Not What It Looks Like

by Don Friedman on February 1, 2016

This is not a seismic separation:

IMG_1239

That’s 20 West Street (AKA the Downtown Athletic Club) on the right, 21 West Street on the left. These buildings, completed in 1930 and 1931 respectively, were constructed long before anyone in New York thought about designing buildings for the effect of earthquakes. And if you’re not designing for earthquakes, you’re not leaving a seismic separation between buildings to prevent pounding.

So why is there that very narrow space between these two high-rises? It’s hard to say. Having it is a terrible waterproofing problem: the side walls of both buildings are exposed to water and freeze-thaw cycles and cannot be maintained because the space is too small. So the masonry in that area can only deteriorate and never be fixed.

A common problem with side walls in the pre-separation era is that blind-built masonry – when the mason is working from one side of a wall and cannot see or reach the other side – is always of poor quality. Mortar squeezes out during construction and cannot be struck off the brick faces, and alignment is more difficult. Leaving even a small gap alleviates these problems. So that might be the answer.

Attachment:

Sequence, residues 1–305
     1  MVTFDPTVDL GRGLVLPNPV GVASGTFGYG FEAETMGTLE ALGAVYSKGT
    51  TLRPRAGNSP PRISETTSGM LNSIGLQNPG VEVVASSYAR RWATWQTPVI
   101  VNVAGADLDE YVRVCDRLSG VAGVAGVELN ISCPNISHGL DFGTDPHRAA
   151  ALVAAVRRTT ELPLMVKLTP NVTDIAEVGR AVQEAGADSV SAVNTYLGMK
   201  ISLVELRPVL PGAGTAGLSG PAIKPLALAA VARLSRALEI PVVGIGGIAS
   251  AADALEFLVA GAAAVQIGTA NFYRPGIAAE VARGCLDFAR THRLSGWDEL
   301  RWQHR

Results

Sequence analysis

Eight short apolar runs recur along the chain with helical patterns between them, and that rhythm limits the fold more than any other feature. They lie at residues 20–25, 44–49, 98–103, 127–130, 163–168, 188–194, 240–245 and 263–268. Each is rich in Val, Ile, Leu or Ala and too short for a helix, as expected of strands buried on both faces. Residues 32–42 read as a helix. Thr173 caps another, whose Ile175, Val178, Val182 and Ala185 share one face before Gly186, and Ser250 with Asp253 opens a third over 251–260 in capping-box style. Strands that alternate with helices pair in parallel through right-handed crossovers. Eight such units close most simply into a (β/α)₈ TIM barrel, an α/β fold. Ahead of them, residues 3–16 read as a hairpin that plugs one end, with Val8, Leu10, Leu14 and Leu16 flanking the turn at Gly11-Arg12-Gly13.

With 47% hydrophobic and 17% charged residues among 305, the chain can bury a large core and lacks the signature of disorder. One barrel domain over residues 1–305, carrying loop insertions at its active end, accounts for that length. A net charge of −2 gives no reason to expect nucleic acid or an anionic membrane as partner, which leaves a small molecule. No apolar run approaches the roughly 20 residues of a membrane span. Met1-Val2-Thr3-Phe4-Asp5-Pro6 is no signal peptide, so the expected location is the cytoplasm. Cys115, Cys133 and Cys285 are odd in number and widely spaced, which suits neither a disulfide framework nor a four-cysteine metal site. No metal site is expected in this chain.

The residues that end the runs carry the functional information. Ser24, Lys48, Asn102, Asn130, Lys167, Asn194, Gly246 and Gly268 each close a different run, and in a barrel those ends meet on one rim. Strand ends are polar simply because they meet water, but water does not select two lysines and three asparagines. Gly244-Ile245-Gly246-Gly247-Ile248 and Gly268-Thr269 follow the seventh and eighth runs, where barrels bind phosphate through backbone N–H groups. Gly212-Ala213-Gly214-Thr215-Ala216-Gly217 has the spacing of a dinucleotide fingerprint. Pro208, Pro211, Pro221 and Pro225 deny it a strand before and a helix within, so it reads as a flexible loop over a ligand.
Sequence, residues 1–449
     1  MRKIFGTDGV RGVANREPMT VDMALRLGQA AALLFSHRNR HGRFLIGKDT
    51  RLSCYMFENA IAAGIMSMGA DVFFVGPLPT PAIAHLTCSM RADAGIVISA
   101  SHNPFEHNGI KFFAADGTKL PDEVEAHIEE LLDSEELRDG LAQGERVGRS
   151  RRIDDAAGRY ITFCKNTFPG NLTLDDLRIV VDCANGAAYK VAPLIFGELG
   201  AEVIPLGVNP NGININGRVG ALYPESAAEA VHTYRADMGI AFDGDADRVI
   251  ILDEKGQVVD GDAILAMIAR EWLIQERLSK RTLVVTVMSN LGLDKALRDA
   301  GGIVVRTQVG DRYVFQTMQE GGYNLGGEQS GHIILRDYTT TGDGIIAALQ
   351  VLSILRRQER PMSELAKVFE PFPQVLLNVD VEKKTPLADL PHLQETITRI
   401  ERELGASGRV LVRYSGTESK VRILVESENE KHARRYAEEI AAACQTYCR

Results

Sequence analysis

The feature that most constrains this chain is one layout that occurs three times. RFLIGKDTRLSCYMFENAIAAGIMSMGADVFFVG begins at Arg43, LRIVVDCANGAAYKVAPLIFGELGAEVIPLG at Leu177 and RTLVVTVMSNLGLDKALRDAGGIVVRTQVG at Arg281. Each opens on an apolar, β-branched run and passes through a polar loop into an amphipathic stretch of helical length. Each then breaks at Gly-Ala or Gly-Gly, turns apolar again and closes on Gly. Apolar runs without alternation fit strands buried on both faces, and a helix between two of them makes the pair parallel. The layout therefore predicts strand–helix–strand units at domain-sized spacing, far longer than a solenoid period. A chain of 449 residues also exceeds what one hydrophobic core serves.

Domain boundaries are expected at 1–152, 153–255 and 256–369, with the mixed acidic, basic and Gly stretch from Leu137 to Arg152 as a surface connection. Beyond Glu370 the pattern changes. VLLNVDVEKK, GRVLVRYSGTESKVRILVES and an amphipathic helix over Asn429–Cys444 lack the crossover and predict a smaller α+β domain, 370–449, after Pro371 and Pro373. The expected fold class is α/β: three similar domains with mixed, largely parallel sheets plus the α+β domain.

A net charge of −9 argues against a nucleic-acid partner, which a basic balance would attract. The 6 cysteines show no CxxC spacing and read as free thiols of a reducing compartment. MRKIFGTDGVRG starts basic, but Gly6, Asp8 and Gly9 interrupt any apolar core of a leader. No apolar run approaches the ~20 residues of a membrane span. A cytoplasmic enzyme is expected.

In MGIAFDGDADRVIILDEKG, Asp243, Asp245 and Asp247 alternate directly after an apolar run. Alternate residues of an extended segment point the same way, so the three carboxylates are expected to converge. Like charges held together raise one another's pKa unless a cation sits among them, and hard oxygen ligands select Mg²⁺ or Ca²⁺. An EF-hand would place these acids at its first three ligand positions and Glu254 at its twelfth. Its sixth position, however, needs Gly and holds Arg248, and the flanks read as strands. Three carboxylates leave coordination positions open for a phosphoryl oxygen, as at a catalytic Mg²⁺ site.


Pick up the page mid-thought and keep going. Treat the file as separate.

Another possible answer is that sometimes builders are faced with contradictory surveys of the land. Pulling the construction back slightly, to the location of the innermost surveyed lot line, avoids the possibility of an embarrassing mistake in locating the building.

Finally, given that the buildings were constructed almost simultaneously, at the end of the 1920s boom, it’s possible that neither AEC team knew what the other was doing when construction began.

 

Previous post:

Next post: